Congress has more control over debt than they do real wages. Also what measure of inflation would they use. They already ignore food and energy. Benefits and pensions aren’t included in real wages.

Real wages are also facing pressure from globalization. Are they going to push for higher minimum wages and thus raise unemployment in trying to increase wages?

John Konop December 31, 2012 at 4:40 pm

Congress controls most factors that contribute to real wages ie trade, spending, energy, education, infrastructure…….

The real wage problem has very little to do with minimum wage. The biggest factor has to do with poorly negotiated trade deals, lack of fiscal controls, the lack of investment into vo-tech training verse NCLB, crumbling infrastructure, and not taking on health care cost rising 2 to 3 times faster than GDP.

mpierce January 1, 2013 at 12:52 am

I agree that minimum wage has little to do with real wages, although I believe it is tied into several union contracts. But that is typically where politicians look the affect wage changes.

Congress may control many aspects which affect wages, but they don’t set them and they have less control over wages than national debt.

Vo-tech investments and NCLB? I think you’re stretching. If those are your ideas of Congressional control over real wages, I’ll pass.

John Konop January 1, 2013 at 8:42 am

Right now we have 3 million job openings in the vo-tech. We have created the mess by requiring all kids to take college rep or out ie NCLB. The latest break troughs in education are just basic tracking based on aptitude. This is how the school district near Macon turned around the district. This is why Mass has way more success than Georgia in education. The best countries on the world all do tracking ie anti NCLB. The one size fit all Bush/Kennedy plan wasted a ton of money and kept pushing us in the wrong direction. Both parties keep selling public that some magical plan will change IQ bell curve. I have news it is what it is.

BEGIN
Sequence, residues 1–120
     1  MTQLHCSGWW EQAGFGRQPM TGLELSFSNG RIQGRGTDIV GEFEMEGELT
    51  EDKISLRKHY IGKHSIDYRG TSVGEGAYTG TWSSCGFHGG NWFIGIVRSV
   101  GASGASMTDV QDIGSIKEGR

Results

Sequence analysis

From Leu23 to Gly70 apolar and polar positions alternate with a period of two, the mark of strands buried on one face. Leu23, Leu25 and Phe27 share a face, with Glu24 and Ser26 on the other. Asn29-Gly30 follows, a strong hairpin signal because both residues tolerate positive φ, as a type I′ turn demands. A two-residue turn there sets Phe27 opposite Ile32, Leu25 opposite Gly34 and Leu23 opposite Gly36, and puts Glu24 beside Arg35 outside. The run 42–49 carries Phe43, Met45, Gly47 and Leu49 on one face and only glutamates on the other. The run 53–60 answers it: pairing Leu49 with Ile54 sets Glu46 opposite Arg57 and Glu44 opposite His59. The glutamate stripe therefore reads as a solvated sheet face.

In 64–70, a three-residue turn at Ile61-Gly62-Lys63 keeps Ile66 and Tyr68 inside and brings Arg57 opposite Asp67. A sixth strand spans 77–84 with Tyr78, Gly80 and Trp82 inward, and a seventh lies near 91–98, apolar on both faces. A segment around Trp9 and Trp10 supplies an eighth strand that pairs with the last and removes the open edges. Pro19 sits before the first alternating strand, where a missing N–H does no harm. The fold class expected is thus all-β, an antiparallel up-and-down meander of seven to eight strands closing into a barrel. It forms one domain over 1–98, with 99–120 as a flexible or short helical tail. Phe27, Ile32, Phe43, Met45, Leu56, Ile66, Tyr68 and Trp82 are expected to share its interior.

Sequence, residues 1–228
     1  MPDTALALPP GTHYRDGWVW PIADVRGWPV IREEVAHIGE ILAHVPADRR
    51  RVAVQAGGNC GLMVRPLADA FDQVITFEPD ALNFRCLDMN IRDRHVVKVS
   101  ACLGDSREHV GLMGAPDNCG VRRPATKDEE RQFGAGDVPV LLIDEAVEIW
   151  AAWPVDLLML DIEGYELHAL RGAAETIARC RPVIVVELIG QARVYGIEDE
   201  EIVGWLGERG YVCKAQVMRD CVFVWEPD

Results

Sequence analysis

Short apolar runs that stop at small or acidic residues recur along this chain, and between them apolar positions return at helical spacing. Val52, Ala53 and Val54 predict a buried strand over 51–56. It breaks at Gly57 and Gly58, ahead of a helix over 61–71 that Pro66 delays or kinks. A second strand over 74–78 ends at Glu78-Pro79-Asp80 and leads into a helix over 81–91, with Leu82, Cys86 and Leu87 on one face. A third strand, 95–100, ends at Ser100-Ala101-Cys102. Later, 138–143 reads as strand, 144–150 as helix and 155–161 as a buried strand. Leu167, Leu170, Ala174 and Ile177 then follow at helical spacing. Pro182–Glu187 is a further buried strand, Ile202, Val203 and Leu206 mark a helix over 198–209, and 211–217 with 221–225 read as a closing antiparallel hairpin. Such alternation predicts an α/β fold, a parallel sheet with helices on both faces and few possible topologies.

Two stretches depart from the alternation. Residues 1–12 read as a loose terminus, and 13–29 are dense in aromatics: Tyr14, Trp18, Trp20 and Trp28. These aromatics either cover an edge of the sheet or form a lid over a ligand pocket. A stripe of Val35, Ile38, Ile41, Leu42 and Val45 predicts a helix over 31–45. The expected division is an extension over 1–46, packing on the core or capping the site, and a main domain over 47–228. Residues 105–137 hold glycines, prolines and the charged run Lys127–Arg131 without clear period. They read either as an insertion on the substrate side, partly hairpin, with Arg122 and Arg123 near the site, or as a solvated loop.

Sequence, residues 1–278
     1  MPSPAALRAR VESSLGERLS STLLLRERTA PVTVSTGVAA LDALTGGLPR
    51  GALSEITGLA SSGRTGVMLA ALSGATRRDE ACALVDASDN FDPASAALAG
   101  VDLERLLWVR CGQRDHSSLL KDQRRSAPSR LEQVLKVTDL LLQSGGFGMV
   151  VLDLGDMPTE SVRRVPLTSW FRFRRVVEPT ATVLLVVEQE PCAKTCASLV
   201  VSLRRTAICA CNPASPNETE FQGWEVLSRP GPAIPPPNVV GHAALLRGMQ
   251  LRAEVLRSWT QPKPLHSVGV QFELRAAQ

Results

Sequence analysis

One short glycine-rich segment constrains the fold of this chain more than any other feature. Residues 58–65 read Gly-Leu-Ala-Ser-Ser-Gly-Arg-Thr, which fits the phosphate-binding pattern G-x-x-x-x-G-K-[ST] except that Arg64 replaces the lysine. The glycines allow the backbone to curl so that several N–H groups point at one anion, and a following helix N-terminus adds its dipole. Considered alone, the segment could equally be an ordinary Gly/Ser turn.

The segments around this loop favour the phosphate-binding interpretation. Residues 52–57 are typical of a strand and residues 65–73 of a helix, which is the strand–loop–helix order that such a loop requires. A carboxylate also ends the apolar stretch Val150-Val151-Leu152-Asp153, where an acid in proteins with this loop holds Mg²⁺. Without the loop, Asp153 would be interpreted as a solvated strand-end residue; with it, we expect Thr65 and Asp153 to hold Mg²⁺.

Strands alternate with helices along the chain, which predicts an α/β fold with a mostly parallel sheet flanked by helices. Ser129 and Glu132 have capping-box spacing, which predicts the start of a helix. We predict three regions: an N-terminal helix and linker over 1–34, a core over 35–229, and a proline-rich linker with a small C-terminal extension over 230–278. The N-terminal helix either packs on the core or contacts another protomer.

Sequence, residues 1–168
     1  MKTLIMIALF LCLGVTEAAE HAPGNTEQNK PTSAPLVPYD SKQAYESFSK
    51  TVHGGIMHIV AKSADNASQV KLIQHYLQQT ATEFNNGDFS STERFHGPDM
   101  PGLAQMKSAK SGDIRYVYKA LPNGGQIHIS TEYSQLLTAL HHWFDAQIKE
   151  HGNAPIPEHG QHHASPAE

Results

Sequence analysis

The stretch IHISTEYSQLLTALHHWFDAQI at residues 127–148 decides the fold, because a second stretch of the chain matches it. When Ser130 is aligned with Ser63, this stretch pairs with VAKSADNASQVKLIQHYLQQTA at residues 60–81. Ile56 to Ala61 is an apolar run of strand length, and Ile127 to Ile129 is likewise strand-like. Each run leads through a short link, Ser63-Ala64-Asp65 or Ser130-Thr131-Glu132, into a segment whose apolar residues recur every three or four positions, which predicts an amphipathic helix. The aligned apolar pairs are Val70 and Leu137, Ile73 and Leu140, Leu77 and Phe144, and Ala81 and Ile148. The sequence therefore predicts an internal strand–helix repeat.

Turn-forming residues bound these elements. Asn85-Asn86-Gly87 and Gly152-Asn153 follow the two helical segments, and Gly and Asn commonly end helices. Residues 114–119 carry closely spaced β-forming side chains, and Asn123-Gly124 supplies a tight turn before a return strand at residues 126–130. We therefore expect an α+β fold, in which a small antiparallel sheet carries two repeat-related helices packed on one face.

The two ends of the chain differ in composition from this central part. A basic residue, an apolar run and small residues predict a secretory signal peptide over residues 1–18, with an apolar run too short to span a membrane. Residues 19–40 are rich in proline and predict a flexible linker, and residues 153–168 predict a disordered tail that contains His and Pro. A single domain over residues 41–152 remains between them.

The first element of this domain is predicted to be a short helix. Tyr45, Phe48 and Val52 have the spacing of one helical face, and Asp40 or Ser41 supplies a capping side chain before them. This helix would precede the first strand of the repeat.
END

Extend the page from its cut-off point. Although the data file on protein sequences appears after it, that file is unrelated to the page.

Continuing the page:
mpierce January 1, 2013 at 3:27 pm

I don’t disagree with you on the advantages of multi-track education. But that is not (should not be) the purview of the U.S. Congress. That is a state issue.

John Konop January 1, 2013 at 5:20 pm

NCLB is a federal unfounded mandate passed by congress. I do agree, schools should be controlled by a local issue. The jobs, training and economic needs do vary by community. Nothing in the constitution guarantees results, only a voice. Both parties have taking away our voices via NCLB, executive orders………..

Rick Day December 31, 2012 at 2:20 pm

Barrow: he so wants to be a conservative, doesn’t he?

This has enough ‘gotcha’ to get everyone gooey!

shank black December 31, 2012 at 4:30 pm

A little goo never hurt anyone. Who knows, maybe this is the start of something BIG? It starts with a spark.

A note from Bridget: You’re new here, SB. Welcome. A kind warning to not be vulgar. Rick Day is not the role model you seek.

ricstewart December 31, 2012 at 2:27 pm

He didn’t wait long after the election to begin his populist pandering again, now did he?

IndyInjun December 31, 2012 at 3:28 pm

John Barrow has a lot better claim on conservatism than do quite a few on the GOP side of the Georgia delegation and nearly all in the worthless legislature.

Running the RINO Burns and a slew of even lighter weight fakes since then has proven to be a waste of time and money for the Republicans.

I detested his Porkulous vote and I strongly dislike his party. (up from considering the Dems the spawn of Satan, courtesy of the equally rotten GOP having provided me multiple points of reference)

If he changes his party to GOP and his residence to Evans, Saxby would be a goner or any other of our worthless GOP officials Barrow should deign to oppose, for that matter.

This move is totally in sequence with his recent campaign. Barrow can totally brutalize statewide GOPers for their War on the Middle Class just like he did Lee Anderson.